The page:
August 24, 2005
Section 314 of
Hearn/Baker
is titled, FillArea Primitives. These are almost as
essential to rendering graphics as points and lines. It is, of
course, a standard, builtin routine for OpenGL, but I want to
examine how it works, particularly for simple polygonal areas.
These are "simple" because they are planar and there are no
edgecrossings. However, when you're working in 3D, it may
happen that the vertices to define a polygon are not, in fact,
planar. Simple rounding errors can cause this, but you may be
working with points on curved surfaces too. Often,
simply dissecting the polygon into triangles can solve the problem
(since triangles are always planar,) but in the cases where that
won't do, methods have been methodically divined (or devised) as
needed. Let's see.
A polygon is convex if all
interior angles are less than 180 degrees. This turns out to
be equivalent (under Euclidean assumptions) to saying that every
point on the interior can be connected to every other point on the
interior by a straight line that lies entirely within the interior.
H/B claim that to be more
robust, a graphics package could reject polygons whose vertices are
colinear.
Given a set of planar polygonal vertices in counterclockwise order, how can it be determined whether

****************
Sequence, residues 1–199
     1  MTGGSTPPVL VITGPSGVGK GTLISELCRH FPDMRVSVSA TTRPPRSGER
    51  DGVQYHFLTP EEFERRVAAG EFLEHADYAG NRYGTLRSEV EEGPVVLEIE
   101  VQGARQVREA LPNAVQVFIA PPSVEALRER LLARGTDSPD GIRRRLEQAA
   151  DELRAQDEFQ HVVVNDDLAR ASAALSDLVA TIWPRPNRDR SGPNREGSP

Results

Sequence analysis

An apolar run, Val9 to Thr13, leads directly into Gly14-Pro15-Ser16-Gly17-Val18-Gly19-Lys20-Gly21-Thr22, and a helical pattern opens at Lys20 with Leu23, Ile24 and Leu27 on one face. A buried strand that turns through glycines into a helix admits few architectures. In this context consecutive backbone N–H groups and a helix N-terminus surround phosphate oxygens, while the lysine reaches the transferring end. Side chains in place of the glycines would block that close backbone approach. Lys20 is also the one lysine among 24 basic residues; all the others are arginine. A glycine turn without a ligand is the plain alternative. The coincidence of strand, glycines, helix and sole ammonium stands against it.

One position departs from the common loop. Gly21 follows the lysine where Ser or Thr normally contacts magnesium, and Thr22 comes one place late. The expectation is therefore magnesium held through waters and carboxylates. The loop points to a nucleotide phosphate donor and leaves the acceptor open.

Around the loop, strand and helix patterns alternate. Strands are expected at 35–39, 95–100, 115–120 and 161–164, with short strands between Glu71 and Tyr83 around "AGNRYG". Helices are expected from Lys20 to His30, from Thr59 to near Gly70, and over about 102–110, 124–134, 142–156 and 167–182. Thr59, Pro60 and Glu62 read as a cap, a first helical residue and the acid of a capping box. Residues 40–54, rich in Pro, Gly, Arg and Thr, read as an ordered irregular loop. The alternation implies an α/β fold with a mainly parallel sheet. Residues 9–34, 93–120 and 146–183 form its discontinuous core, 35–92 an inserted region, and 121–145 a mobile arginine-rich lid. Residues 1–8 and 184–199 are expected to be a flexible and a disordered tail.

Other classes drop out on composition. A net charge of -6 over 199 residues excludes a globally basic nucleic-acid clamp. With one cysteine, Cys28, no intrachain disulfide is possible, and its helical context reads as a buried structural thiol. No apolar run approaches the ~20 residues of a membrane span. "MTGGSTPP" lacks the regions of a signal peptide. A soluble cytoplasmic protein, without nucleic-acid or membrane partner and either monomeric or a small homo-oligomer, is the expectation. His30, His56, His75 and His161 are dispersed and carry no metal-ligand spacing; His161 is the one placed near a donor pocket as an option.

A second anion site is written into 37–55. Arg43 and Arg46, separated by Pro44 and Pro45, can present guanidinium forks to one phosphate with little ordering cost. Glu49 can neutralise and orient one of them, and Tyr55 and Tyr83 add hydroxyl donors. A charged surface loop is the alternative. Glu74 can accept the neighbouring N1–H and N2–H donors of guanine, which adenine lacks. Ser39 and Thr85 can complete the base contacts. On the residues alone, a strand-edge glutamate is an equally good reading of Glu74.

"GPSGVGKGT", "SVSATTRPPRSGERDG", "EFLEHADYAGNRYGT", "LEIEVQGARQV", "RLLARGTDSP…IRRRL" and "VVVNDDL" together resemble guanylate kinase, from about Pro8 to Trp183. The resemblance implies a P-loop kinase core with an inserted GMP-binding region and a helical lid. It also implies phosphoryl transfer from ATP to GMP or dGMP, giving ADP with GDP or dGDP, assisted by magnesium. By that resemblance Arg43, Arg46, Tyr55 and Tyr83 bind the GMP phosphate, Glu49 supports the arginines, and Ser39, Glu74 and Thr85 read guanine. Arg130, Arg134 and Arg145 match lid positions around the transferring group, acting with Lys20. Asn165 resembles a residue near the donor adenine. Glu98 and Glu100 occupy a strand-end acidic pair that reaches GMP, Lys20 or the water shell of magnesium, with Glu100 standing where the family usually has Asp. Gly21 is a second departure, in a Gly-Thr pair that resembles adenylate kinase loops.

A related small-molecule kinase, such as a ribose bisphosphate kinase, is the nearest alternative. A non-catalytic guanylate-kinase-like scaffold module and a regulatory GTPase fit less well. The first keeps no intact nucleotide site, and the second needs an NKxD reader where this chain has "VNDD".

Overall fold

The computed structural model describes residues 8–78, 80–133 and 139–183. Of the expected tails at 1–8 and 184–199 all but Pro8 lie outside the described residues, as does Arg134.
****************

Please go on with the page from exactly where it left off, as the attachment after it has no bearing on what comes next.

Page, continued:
it be convex or, the opposite, concave? Hearn/Baker suggests
doing vector cross products for edge vectors emanating from each
vertex. For a convex polygon, all these cross products will be
the same sign. Alternatively, you can use the idea that all
vertices of a convex polygon will be on the same side of any give
edge.
Having established that a set of
ordered vertices defines a concave polygon, you can divide it into a
set of convex polygons. Again, edge vector cross products can
do this, or, vertex positions relative to some extended edge line.
I rode over to the Alkobar for a
newspaper with the H/B stuff about splitting concave polygons and
inside/outside tests on my mind and problems came to mind:
Given
three (ordered?) vertices in a bounded convex region, say, a convex
region like a unit square or circle, what is the probability that a
randomly chosen fourth point (in order?) will (1) form a concave